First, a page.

Election worries?

2020 has already had more twists and turns than an HBO series.

And in last week’s episode, the president contracted COVID.

Yikes.

I did not see that coming. Did you?

I’m not being flippant about the president’s diagnosis — his case is potentially serious and I wish him well in his recovery.

Let’s talk about what could happen next.

[Warning, long email ahead. Jump to the P.S. for something relaxing.]

A lot of things could happen, depending on how widespread the White House outbreak is and how severe the president’s illness becomes.

As I write this, it doesn’t look like the president has become unable to perform his duties. (Fortunately, there are legal mechanisms to pass executive power to the Vice President if the president becomes incapacitated.)

Though no president has ever contracted COVID-19, America has had multiple ill or incapacitated presidents. There’s a roadmap.

However, the situation injects uncertainty into the election, Supreme Court confirmation, and the new stimulus bill.

Not to mention, folks were already worried that the election might not be decided on November 3. A high number of mail-in ballots means the drama could realistically play out for weeks after election day.

Could President Trump’s illness postpone the election?

That seems unlikely. Technically, Congress could decide to delay the election, but I doubt they’d be able to make it happen before November 3.1

Will there be anarchy in the streets if there’s no clear winner on election day?

No. We have legal and democratic means to resolve a contested election.

If no candidate receives the majority of electoral votes (270 or more), the election moves into overtime and a “contingent election” is held by the House. 

Two presidential races (in 1800 and 1824) were decided by the House.

In 1876, a bipartisan commission reviewed ballots in three too-close-to-call states and awarded enough electoral votes to give Rutherford B. Hayes the win.2

In 2000, the Bush/Gore election went to the Supreme Court, which ended a Florida recount and gave George W. Bush the presidency.3

Will markets react to new election uncertainty with volatility?

That’s highly likely, especially if the president’s illness doesn’t resolve quickly.

You already know that markets hate uncertainty and traders are revising, hedging, and re-hedging their bets as they digest this evolving situation.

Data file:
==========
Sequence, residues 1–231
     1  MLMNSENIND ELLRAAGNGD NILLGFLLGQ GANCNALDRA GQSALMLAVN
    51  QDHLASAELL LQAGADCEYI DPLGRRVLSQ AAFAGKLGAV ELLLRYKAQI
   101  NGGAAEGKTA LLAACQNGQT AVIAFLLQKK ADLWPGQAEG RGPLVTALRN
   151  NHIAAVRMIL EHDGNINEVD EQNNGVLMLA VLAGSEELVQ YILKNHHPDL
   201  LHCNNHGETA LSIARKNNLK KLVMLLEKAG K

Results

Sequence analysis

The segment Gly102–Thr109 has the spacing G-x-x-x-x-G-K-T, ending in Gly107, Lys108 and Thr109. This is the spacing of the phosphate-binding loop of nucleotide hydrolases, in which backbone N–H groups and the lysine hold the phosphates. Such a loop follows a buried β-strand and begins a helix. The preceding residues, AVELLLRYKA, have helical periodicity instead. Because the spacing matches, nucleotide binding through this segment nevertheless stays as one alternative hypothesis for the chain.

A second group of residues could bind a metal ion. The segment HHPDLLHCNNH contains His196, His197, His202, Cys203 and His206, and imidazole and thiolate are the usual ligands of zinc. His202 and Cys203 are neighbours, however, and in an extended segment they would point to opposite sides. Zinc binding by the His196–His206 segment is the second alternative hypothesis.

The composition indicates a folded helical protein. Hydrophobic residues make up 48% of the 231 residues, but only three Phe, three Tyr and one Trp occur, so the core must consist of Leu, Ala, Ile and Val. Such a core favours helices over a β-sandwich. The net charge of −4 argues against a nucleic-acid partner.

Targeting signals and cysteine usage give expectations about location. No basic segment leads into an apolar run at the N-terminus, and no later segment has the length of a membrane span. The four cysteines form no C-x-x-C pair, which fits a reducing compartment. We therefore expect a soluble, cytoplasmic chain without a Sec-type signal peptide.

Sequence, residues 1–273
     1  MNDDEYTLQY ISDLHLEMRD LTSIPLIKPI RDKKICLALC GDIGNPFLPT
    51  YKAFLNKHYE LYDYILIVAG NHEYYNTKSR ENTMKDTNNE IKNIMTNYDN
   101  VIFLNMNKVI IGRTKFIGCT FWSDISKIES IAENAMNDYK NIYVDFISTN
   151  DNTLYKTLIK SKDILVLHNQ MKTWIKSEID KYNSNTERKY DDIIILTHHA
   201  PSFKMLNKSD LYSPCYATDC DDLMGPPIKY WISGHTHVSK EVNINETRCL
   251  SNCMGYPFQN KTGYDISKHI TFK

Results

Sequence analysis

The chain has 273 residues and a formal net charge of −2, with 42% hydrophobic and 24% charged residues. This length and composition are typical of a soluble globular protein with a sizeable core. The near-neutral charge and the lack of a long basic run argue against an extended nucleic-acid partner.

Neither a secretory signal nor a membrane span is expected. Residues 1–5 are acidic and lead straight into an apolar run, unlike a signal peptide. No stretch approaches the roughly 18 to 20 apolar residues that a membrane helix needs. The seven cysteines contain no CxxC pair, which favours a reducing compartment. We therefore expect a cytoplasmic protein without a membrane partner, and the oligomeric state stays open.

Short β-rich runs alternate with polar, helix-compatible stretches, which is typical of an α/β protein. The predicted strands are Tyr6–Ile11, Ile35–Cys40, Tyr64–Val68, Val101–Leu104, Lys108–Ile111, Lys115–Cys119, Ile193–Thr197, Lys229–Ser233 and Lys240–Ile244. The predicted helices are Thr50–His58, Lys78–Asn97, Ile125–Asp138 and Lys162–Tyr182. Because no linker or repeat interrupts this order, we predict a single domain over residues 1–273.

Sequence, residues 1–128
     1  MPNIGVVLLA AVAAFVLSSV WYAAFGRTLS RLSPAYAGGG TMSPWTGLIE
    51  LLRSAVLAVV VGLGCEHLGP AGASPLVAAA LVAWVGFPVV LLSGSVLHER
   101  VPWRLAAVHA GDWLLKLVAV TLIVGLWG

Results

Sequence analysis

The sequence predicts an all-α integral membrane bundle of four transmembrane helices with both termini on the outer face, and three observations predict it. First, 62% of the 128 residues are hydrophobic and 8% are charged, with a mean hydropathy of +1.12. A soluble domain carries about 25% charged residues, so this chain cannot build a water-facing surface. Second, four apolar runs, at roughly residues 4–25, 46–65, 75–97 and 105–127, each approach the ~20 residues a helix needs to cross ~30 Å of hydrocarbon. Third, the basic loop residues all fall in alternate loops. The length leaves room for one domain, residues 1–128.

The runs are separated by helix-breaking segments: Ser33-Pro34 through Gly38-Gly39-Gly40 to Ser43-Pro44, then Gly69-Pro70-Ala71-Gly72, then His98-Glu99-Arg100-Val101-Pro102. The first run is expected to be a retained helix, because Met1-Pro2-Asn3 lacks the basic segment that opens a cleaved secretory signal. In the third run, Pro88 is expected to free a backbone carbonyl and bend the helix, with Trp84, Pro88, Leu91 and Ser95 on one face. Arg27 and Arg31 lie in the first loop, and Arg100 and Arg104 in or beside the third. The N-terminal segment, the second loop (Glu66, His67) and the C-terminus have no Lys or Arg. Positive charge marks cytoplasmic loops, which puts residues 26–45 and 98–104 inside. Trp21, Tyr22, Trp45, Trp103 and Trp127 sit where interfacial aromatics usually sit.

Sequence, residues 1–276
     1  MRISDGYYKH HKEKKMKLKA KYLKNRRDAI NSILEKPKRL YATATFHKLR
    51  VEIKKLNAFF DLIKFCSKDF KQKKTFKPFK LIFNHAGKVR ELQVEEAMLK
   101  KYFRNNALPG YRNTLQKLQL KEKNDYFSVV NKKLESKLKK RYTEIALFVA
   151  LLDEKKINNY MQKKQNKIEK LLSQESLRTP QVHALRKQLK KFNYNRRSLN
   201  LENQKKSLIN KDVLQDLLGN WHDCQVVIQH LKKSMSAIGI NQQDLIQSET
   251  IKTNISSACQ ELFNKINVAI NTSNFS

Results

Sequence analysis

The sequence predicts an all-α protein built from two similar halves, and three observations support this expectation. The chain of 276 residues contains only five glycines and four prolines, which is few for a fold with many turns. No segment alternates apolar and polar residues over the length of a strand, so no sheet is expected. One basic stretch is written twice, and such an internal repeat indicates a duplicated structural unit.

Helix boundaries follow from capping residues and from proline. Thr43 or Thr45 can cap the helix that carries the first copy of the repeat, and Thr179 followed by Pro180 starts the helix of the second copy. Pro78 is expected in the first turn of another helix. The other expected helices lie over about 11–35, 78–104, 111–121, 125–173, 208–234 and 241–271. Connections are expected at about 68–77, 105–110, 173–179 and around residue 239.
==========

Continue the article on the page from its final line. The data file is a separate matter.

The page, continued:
As a historical example, here’s how markets performed during the 2000 election recount drama. In a word, volatility.

Let’s keep in mind that markets have already been volatile with a stalling economic recovery, election season, and a continuing pandemic that will drag into 2021.

I think that business and economic fundamentals are currently driving markets, not election-related fears. We’ll see if that changes as the month progresses. While I do believe the presidential election is important for the overall direction of the country, let’s not forget the smaller races in the area. Though national races get the headlines, local officials often have a greater impact on our day-to-day. Please vote.

[CONTACT_FIRST_NAME], please pay attention to the headlines you read and the news you consume in the coming weeks.

Be especially cautious about media that makes you feel anxious, angry, or afraid. Election cycles always bring heightened emotions and more negative news than usual.

Take a deep breath and step back if you need to. Call a friend. Call me.

Are you really worried about what the election could mean for you? Thinking about moving to Canada and/or an underground bunker? Please hit “reply” and let me know.

Warmly,Aaron Schuler, CDFA®

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P.S. Need some extra help keeping your cool in these times? Watch these Alaskan brown bears fish for salmon.

1https://www.newsweek.com/after-donald-trump-contracts-covid-19-can-election-postponed-1535921

2https://history.house.gov/Institution/Electoral-College/Electoral-College/

3https://www.marketwatch.com/story/2000-redux-stock-market-election-fears-have-traders-revisiting-bush-gore-battle-11600967011

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